Temple Terrace Downtown – They Just Said “No”
For the last few weeks, we have been writing about the proposals for building a “downtown” in Temple Terrace. We had noted that the project as proposed was just another suburban apartments complex. The developers’ rationale for such a design in a “downtown”:
Among a host of contested issues was the developers’ desire to build 214 apartments, rather than condominiums as originally proposed, and to eliminate ground-floor retail from the buildings. Vlass and Inland said such changes were necessary to meet market realities.
In our opinion, this is just fine. Temple Terrace can wait until the market is good for the project they want. The Tampa Bay area has for too long settled for substandard projects and it has not made our economy any stronger.
Evidence Our Economy Is Not Any Stronger
We learned this week that among major metropolitan areas, the Tampa Bay area has lost the most construction jobs.
For the 12-month period ending in January, the bay area lost more construction jobs than any other metro region in the country. That dropped construction employment here to the lowest level since the federal government began tracking it in 1990.
Only 43,000 construction jobs are left in an area that bragged it was one of the country’s top growth spots just six years ago. January’s dismal tally shows bay area construction employment down 14 percent year over year and a startling 55 percent from the market’s peak of 95,300 jobs in June 2006.
Some will argue that this shows that the Tampa Bay area needs to promote any construction – like the Temple Terrace project. However, we do not see it that way. Tampa Bay has been developer friendly for decades. (Not to mention having low costs of doing business – where are the Fortune 500 headquarters?)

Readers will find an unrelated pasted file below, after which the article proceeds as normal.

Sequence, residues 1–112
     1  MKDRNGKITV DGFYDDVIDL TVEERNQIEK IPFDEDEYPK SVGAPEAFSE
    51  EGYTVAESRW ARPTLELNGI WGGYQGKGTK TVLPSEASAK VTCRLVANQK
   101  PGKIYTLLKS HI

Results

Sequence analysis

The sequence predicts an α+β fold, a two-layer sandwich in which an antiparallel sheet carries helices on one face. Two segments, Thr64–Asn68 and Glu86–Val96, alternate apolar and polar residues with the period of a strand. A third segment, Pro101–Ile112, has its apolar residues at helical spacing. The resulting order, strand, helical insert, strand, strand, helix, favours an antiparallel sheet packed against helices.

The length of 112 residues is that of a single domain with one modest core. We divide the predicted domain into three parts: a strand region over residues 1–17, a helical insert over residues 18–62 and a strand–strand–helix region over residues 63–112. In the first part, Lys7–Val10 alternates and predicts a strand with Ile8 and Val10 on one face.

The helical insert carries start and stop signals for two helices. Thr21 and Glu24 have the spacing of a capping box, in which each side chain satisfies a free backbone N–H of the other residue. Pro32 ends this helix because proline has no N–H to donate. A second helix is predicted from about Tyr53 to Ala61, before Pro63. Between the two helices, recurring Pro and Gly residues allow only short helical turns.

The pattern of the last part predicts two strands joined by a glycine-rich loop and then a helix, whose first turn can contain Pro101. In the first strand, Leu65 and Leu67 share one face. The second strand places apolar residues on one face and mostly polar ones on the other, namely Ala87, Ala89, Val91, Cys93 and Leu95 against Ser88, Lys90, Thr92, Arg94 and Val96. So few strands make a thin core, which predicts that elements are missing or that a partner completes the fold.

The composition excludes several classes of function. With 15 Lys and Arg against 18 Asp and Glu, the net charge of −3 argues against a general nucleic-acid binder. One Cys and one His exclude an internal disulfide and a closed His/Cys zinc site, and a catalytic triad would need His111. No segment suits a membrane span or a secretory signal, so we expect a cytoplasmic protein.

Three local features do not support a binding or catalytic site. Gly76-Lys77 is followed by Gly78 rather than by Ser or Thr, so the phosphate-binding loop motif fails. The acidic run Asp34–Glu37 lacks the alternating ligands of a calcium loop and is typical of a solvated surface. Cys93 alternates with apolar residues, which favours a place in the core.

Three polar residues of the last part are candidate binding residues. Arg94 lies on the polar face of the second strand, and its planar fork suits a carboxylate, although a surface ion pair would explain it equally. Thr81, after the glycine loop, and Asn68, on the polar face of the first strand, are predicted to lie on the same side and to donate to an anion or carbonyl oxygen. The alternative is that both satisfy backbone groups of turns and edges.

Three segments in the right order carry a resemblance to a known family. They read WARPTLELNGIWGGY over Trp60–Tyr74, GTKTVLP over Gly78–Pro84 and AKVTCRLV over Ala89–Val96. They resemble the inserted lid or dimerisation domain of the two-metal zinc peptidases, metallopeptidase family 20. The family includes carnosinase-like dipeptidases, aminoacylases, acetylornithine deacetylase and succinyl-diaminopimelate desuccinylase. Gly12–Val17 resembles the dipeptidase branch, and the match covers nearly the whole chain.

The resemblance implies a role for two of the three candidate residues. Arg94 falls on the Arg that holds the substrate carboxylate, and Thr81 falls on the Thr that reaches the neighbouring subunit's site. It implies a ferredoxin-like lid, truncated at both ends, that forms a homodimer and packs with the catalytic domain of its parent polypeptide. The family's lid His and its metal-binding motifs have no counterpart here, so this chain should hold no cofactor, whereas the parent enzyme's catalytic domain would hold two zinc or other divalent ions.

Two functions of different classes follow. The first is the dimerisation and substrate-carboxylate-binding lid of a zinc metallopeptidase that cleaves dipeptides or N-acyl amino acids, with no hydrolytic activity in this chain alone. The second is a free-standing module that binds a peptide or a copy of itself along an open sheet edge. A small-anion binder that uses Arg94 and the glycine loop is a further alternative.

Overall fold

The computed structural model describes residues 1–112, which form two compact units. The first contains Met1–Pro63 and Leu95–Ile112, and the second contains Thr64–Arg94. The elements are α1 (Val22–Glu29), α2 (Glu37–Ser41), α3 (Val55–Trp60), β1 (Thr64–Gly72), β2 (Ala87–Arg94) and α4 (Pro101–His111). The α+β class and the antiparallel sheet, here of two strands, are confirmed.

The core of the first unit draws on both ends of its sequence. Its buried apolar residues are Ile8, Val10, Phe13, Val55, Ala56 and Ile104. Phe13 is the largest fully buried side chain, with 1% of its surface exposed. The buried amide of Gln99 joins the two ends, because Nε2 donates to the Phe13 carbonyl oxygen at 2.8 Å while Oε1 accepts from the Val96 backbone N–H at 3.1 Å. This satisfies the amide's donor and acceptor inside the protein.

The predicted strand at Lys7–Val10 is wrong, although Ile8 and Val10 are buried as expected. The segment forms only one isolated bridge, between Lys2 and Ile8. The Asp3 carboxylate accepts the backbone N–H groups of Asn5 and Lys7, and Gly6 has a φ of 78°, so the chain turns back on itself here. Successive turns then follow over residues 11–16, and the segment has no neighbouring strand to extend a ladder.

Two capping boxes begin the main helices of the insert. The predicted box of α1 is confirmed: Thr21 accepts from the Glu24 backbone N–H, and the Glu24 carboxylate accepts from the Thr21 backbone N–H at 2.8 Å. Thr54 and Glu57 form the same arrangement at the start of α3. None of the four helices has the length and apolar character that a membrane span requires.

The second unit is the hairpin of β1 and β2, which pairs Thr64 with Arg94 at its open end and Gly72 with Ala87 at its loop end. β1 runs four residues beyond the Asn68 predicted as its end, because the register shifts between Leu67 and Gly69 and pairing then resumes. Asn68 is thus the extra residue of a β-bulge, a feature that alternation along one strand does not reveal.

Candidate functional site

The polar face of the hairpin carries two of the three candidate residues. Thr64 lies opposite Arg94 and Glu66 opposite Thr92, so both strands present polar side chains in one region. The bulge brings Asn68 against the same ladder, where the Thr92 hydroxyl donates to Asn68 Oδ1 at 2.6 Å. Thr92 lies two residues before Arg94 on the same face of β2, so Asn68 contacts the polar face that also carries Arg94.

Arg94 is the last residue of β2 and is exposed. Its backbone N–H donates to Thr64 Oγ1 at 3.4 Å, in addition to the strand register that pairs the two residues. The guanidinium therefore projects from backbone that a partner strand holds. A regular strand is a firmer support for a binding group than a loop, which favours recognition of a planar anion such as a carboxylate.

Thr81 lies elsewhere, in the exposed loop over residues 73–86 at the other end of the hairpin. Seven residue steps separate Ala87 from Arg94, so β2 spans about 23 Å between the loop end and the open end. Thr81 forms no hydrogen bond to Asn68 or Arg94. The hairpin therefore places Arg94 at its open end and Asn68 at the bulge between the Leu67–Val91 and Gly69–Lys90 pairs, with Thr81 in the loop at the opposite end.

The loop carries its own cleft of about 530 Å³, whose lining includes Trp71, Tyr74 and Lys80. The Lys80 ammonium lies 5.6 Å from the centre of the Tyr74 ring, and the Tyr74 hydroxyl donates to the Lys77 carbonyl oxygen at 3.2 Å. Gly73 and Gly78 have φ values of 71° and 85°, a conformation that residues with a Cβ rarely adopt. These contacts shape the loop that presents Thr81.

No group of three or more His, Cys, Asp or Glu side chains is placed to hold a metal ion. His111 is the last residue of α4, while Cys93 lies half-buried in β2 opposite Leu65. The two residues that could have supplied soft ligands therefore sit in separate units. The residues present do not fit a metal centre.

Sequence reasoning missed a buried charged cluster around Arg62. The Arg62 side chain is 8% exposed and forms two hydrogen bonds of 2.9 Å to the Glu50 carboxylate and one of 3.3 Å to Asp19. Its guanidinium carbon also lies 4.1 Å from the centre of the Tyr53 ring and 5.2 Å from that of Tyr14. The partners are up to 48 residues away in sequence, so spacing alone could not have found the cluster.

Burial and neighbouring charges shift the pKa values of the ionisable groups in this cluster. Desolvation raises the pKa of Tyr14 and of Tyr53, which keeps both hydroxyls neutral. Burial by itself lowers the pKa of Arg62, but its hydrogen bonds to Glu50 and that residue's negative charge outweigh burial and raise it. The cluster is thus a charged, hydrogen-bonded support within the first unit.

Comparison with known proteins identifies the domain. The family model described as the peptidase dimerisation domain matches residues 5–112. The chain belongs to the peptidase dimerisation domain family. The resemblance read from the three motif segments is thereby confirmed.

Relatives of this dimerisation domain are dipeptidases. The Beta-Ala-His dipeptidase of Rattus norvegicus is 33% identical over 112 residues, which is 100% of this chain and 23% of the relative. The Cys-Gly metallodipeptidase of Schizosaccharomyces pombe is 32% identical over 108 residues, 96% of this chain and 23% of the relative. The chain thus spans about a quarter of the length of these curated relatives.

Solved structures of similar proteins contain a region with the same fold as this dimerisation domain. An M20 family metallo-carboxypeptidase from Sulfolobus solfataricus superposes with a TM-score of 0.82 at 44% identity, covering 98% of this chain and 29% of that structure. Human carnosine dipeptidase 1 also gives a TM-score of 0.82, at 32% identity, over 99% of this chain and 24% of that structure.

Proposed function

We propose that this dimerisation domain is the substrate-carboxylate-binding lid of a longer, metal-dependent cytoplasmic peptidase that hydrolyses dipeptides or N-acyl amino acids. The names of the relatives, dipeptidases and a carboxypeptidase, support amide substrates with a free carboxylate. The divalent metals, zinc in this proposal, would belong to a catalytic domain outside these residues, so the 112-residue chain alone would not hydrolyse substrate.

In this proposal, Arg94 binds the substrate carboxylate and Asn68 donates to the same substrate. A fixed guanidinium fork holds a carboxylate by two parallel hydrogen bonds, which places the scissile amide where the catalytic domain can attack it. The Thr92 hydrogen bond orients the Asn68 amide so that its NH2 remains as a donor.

What has that gotten us as a region? Not much long term. Our unemployment is high. Our wages are low. Our economy is not diverse or competitive with other regions. Our planning and built environment are a sprawling mess with inadequate transportation infrastructure. We have a brain drain and trouble attracting young talent. Consequently, we do not have the demand to sustain the construction jobs.
When Tampa Bay settles – as it has done so often, it may create a short term boomlet, but it harms us long term. Any remaking of our DNA, as Tampa’s Mayor likes to talk about, involves putting quality of projects, planning, and employment first (rather than just speeding any development along without thinking). The demand will follow – like it does in other cities – and maybe then it will be sustainable.
A recent article in the Tribune regarding a speech the Mayor gave to the Greater Tampa Chamber of Commerce, he had this nugget:
Sounds familiar and accurate. We also appreciate this:
Buckhorn said the region needs to take advantage of a historic changeover in the people at the top. From Buckhorn and City Council to the county government and economic development agencies, many of the region’s leaders have been in office a year or so.
Though we are not sure how much true change there can be if the Mayor is taking his advice from committees comprised mostly of people who helped create the old DNA. We also are not sure what he is going to do to support these ideas.
One thing we think requires a little nuance arose from a listener to Buckhorn’s speech:
The mayor’s enthusiasm rubbed off on Annette DeLisle, who cheered Buckhorn’s call for bringing better jobs to the area. Her own company, she said, moved from St. Louis because it liked what Tampa had to offer.
To be honest, we disagree somewhat (at least as quoted.) Tampa Bay should attract whatever business we can, but we should not subsidize them or let them have whatever they want in terms of land use, zoning, pollution or otherwise. Incentives should be for high paying jobs and/or projects deemed a great value to the development of the area. If others want to do business here without subsidy and following our rules, great.
Now Change the DNA – We Love the Wa, But Not This Wa
The Tribune reported this week on a proposed Wawa gas station/store in Tampa:
The Tampa City Council recently gave initial approval to rezone the site of the closed Giordano’s Italian Restaurant at 401 N. Dale Mabry Highway. Parking lots at 3712 W. Carmen St. and 3715 W. Gray St. are part of the proposal to build a Wawa convenience store and 16-pump gas station.
First, we are familiar with Wawa, and we like it. However, that does not mean we like this one.